Senate Democrats on Wednesday afternoon soundly filibustered efforts to send a corporate tax cut bill back to committee to add a $13 billion energy tax package to the legislation. A Senate aide, however, said another vote was possible later Wednesday if Senate leaders were able to address Democrats’ concerns involving amendments to the bill.
On Wednesday afternoon, Republicans fell 11 shy of the 60 votes needed to end debate on a motion by Senate Majority Leader Bill Frist (R-TN) to recommit the corporate tax reform measure to the Senate Finance Committee to tack on the energy tax portion of the broad energy bill. It was the second time in less than a month that Democrats successfully blocked the corporate tax cut bill (S. 1637).
By adding on the popular energy tax package, Republicans had hoped that they would win more Democratic votes for the corporate tax cut bill. They also figured it was a way of pushing at least half of the energy bill through the Senate.
Immediately following the vote on the cloture motion, Frist said both sides were trying to prepare a list of “germane” amendments in order to clear a “pathway for completion of this [corporate tax] bill.” At press time, GOP and Democratic leaders still were trying to work out a deal, raising the possibility of a second vote on the Frist motion late Wednesday.
Democrats “just want the opportunity to offer amendments relevant to this [corporate tax] bill,” said a spokesman for Senate Democrats.
Failure to achieve resolution could put the overarching corporate tax measure, also known as the JOBS bill, and the energy tax package on hold at least until after the Senate’s one-week spring recess, which begins Friday.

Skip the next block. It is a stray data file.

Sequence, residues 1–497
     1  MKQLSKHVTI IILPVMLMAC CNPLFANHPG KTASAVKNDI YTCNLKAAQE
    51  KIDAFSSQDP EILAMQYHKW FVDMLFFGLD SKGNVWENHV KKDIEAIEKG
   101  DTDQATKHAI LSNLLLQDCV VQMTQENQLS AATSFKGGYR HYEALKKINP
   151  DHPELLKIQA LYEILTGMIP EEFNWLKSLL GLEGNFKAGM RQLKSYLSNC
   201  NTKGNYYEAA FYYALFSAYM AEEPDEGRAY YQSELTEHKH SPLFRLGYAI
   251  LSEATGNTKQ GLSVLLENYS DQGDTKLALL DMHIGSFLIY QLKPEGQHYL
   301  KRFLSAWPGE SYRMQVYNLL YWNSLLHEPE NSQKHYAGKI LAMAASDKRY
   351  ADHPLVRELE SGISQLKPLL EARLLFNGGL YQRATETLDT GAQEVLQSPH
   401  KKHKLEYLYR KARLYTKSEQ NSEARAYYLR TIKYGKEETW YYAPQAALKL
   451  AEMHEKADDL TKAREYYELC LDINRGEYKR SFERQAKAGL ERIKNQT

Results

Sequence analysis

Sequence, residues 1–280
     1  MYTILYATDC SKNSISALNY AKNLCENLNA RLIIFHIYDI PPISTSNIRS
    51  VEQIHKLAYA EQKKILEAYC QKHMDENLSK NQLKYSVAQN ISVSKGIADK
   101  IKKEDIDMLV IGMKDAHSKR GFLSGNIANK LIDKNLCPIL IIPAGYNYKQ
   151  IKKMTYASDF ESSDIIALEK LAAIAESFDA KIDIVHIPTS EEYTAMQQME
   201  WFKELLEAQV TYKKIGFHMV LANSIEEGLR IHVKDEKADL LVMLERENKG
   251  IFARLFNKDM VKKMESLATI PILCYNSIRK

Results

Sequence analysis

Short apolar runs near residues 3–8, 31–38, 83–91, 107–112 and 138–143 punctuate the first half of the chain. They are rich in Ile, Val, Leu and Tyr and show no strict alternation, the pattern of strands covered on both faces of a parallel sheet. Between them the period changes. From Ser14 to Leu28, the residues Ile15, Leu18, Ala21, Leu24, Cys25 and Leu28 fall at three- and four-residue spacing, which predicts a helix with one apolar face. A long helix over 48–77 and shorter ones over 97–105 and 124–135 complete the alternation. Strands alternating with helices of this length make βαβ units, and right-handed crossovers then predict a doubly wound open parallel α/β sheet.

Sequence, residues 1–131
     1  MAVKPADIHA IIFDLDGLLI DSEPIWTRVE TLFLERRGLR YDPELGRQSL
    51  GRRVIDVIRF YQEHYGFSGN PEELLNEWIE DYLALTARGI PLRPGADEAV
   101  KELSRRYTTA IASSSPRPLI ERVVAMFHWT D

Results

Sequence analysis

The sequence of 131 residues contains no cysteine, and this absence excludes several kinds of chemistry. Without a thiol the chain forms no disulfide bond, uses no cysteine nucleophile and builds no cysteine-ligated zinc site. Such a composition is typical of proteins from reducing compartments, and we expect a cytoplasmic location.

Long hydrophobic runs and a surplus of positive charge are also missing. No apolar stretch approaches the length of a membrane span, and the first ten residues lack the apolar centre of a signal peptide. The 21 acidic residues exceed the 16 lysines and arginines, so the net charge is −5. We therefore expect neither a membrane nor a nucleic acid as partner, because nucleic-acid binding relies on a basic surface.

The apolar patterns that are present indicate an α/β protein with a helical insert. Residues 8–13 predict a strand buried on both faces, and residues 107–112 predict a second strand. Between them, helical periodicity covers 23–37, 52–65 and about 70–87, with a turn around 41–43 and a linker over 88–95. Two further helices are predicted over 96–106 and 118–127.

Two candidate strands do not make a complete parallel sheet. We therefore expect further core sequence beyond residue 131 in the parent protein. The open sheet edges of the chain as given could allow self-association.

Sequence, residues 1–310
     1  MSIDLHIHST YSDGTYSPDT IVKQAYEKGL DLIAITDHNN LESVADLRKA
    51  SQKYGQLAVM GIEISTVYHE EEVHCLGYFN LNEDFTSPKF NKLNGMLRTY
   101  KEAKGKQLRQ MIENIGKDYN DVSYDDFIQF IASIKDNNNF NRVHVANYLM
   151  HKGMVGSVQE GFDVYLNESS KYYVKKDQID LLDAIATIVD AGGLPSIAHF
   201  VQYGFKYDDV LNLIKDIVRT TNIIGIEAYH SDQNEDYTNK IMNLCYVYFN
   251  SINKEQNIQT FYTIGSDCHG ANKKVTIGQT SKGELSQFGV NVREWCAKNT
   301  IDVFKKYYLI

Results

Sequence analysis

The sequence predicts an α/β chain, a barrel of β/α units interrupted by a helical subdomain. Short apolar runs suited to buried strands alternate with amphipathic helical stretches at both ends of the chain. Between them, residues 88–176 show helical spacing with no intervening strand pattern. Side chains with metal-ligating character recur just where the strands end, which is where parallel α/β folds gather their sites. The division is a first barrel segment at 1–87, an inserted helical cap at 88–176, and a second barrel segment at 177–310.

Chairman Pete Domenici (R-NM) of the Senate Energy and Natural Resources Committee accused Democrats of continuing “their reckless practice of politicking energy while the price of oil, gasoline, home heating oil, natural gas and coal continues to climb.” He further charged that Democrats “deliberately obstructed a bill that would create 650,000 new jobs for out-of-work Americans devastated by outsourcing.”
The Senate Democratic spokesman pointed out, however, that Democrats weren’t the only ones to oppose Frist’s motion. “At least three Republicans voted against cloture” as well.
In an effort to jump-start the languishing energy bill, Domenici on Monday mapped out a new game plan for the tax portion of the energy measure to be moved through the Senate on a separate track ahead of the rest of the legislation. The GOP strategy, however, rests on the energy tax package being piggybacked to the corporate tax cut bill.
The tax package proposes incentives for the development of an Alaska natural gas pipeline, including a controversial floor price for gas produced in Alaska and transported over the line; a new credit for oil and gas production from marginal wells; accelerated depreciation for gas gathering lines; and expensing of geological and geophysical costs, as well as a number of other initiatives.
When or if the energy tax piece clears the Senate, Domenici said he would then turn his efforts to the authorizing portion of the comprehensive measure. This part of the bill would enforce electricity reliability standards; mandate the use of more ethanol, offer loan guarantees for the construction of the Alaskan gas pipeline; repeal the Public Utility Holding Company Act; encourage clean coal and enact a host of other proposals.
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